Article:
A nodejs app for finding arbitrary sequences of decimal digits in Pi. Demo
For the sake of building something with nodejs, and um... π is cool?
- some digits of pi as available from http://piworld.calico.jp/estart.html
To build an index, download as many digits as you want from the above link. Digits are available in zipped text files of 100 million each. Place a set of consecutive files (starting form pi-0001.txt) in within a subdirectory within of the project directory. Invoke the command line interface with no arguments to get, or like so to build the indexes in a default setup from within the project directory:
$ ./cli.js index Indexed 10 input files in 291.182 seconds. Wrote out 1000000000 digits in 291.172 seconds.
Querying the indexes with the CLI to locate a given sequence within pi:
$ ./cli.js scan 1999 Scanning indexes for sequence 1999 Found sequence "1999" in pi, starting after 11195 decimal places, in 0.033 seconds.
Querying the indexes with the CLI to retrieve a range of digits from pi:
$ ./cli.js range 11190:11200 1290019992
Launching the web service:
Under the hood
Searching for sequences in Pi is a difficult problem because it's essentially an endless string of random numbers, allowing for very few optimising assumptions. However you go about it, the result is basically an enhanced linear search, where extra efficiency requires ever larger indexes.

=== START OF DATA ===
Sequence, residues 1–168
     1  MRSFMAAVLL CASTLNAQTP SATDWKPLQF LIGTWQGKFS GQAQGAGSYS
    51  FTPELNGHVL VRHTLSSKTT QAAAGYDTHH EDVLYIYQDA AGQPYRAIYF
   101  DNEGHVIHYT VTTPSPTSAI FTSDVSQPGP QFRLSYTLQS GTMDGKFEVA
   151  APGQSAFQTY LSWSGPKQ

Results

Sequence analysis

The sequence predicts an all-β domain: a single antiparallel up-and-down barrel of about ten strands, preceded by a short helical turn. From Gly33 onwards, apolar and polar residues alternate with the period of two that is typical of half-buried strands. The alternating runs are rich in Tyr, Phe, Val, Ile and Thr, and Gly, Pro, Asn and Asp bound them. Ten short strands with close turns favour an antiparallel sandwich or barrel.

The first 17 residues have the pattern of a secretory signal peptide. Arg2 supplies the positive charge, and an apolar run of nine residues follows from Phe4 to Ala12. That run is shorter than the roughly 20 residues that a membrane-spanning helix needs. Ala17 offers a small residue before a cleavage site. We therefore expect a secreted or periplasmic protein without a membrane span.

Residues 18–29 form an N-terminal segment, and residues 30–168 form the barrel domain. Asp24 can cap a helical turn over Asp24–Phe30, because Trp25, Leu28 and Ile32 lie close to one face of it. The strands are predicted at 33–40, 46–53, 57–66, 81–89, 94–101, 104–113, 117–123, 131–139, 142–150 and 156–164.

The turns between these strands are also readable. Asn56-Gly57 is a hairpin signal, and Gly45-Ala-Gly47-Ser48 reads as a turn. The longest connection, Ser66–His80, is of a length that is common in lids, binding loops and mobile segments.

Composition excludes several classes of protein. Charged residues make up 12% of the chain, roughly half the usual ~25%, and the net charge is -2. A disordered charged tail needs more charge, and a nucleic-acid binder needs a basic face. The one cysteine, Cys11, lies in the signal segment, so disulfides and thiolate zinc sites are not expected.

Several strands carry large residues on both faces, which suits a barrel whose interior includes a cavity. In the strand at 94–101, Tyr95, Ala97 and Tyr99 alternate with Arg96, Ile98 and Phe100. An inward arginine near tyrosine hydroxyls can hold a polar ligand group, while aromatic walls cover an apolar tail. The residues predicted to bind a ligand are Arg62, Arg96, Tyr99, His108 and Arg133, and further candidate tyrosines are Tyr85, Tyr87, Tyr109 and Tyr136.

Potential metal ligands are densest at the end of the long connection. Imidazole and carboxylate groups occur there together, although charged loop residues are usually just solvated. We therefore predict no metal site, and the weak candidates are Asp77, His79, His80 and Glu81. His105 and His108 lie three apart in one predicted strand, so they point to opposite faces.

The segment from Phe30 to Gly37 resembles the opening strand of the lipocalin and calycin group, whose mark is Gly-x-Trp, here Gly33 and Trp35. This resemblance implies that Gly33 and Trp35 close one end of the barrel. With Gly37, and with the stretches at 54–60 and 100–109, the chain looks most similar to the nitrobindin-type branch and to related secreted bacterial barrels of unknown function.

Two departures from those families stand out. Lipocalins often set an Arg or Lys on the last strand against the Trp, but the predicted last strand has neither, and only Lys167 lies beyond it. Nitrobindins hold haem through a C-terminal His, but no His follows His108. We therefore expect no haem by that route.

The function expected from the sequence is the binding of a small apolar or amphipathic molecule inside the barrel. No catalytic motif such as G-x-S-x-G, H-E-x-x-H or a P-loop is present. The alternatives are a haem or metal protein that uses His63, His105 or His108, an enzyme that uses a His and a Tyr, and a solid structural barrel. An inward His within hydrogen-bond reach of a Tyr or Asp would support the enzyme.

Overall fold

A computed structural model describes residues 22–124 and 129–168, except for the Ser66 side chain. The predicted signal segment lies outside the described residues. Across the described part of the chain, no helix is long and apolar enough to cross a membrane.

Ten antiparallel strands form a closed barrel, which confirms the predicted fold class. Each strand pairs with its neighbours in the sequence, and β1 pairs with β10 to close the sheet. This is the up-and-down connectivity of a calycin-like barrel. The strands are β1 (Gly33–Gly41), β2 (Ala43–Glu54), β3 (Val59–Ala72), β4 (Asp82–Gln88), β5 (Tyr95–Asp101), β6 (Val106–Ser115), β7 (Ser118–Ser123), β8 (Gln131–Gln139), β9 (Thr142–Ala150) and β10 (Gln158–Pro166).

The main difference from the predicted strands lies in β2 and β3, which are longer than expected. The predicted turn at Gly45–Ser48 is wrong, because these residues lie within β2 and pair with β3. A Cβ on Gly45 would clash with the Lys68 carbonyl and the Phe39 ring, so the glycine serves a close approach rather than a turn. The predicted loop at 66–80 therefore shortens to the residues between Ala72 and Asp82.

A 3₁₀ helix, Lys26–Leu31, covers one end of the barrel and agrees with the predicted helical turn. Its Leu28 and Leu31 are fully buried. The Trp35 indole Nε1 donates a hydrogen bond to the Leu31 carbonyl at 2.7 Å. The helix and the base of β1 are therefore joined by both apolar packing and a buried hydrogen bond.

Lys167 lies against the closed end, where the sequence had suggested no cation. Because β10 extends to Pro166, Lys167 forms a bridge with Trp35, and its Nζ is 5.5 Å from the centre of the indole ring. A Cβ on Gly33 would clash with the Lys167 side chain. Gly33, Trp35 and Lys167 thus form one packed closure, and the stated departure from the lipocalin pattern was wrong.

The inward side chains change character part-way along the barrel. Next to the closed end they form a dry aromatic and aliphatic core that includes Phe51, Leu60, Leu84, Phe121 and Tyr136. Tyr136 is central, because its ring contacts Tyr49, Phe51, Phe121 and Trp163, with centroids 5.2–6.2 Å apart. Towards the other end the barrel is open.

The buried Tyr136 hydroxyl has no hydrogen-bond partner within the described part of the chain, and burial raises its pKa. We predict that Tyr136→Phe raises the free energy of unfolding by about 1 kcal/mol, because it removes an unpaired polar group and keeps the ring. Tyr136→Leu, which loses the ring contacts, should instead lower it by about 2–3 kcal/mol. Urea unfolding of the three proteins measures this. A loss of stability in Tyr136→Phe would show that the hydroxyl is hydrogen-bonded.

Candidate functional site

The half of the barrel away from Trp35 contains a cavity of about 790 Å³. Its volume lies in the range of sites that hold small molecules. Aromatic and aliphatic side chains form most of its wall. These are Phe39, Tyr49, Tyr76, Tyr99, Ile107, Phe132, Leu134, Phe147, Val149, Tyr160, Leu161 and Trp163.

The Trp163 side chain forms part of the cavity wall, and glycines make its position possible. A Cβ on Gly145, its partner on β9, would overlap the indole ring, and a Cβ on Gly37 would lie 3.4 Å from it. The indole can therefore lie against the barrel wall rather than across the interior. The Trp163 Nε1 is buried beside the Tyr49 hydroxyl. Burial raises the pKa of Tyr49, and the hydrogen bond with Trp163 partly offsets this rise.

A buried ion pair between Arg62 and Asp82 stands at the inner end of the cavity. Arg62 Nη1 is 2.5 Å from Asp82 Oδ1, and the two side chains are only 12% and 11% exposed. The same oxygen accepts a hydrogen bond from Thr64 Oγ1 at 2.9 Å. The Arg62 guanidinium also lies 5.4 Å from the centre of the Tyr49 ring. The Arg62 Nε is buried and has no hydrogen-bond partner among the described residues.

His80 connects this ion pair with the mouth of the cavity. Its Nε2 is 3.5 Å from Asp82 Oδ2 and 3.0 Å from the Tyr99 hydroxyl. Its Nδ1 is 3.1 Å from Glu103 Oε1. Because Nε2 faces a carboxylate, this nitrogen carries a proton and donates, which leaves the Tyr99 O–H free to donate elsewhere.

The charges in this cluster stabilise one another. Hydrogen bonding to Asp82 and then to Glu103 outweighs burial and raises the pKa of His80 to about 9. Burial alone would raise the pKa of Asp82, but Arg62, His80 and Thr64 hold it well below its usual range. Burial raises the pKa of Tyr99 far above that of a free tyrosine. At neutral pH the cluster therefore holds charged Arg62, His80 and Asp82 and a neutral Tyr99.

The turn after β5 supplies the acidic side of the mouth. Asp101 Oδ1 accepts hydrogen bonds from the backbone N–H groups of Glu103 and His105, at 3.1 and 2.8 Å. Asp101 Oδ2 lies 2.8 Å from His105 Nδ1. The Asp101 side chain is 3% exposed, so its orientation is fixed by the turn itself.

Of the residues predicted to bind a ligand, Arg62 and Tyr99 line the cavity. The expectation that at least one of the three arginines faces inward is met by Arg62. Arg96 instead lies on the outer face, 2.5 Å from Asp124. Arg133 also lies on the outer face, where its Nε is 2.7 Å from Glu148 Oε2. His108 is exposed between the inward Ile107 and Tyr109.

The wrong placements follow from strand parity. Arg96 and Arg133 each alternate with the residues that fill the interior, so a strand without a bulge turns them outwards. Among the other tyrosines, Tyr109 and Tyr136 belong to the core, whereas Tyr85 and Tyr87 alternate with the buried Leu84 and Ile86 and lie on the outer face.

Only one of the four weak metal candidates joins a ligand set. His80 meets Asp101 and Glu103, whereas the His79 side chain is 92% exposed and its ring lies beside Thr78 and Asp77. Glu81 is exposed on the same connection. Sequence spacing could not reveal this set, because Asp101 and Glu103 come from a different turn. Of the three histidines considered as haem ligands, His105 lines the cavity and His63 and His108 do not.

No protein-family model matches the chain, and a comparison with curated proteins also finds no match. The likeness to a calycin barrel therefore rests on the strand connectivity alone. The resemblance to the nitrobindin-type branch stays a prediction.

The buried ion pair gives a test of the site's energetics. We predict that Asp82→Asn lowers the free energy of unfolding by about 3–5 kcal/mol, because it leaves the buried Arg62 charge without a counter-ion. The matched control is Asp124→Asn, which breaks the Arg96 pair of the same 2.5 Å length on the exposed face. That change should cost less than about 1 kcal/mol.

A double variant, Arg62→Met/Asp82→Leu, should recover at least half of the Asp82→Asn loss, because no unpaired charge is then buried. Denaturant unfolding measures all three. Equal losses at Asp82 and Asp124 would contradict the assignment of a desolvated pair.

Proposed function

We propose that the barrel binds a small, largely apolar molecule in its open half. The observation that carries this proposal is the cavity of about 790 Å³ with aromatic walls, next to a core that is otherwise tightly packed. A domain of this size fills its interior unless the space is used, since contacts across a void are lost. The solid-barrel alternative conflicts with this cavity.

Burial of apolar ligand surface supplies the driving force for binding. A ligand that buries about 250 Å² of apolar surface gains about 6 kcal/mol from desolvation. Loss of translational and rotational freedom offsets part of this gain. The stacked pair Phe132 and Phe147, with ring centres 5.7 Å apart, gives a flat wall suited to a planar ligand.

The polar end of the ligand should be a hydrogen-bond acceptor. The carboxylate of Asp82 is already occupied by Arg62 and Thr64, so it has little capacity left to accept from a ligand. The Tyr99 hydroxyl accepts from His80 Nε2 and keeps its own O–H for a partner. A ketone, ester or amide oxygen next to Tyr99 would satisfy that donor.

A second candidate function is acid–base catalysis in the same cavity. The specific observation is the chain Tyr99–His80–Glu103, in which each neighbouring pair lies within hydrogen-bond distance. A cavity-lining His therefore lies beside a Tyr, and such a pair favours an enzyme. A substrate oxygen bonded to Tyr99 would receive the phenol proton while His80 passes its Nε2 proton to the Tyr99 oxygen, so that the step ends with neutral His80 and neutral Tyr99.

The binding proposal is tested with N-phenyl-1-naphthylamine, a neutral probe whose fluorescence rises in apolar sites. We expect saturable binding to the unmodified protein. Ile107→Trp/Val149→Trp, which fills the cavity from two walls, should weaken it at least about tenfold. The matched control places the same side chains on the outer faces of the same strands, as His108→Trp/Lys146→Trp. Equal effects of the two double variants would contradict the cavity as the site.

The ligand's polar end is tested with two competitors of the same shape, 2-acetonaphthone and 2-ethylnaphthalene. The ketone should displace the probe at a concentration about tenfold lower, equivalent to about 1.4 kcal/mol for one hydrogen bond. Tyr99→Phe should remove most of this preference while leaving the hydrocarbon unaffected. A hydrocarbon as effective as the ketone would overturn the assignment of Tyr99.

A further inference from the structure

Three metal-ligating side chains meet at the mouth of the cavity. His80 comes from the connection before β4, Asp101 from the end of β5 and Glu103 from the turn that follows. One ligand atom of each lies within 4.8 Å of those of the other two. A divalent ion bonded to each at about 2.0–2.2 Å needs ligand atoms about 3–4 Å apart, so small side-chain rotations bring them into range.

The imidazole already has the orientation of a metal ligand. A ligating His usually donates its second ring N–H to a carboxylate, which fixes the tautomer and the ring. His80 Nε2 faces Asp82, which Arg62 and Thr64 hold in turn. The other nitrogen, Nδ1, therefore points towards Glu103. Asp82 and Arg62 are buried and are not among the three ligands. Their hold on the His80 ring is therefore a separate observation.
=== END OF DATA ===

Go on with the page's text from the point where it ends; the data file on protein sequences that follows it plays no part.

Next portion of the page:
The present approach was to create an index for each distinct digit ('0' through '9'), in the form of a binary file of 8 bit integers. The first number in each index indicates the decimal place of the first occurrence of that digit. The second number indicates the number of decimal places further along of the next occurrence of that digit, and so on. Thus location of the nth a given digit can be found by summing the first n values in the corresponding index file.
These ten indexes could be enough to allow for sequences to be found by walking each index in parallel until a match is found. However for the sake of speed and simplicity a digits file is also used, which consists the entire string of digits, packed with 4 bits per digit. Thus the digit index files are used to quickly locate potential matches based on the first digit of the query, and an attempt is then made to match the rest of the query with the corresponding digits from the digits file.
Indexing one billion digits takes just under 5 minutes with an SSD, whereas the resulting index takes about 7 seconds to scan entirely.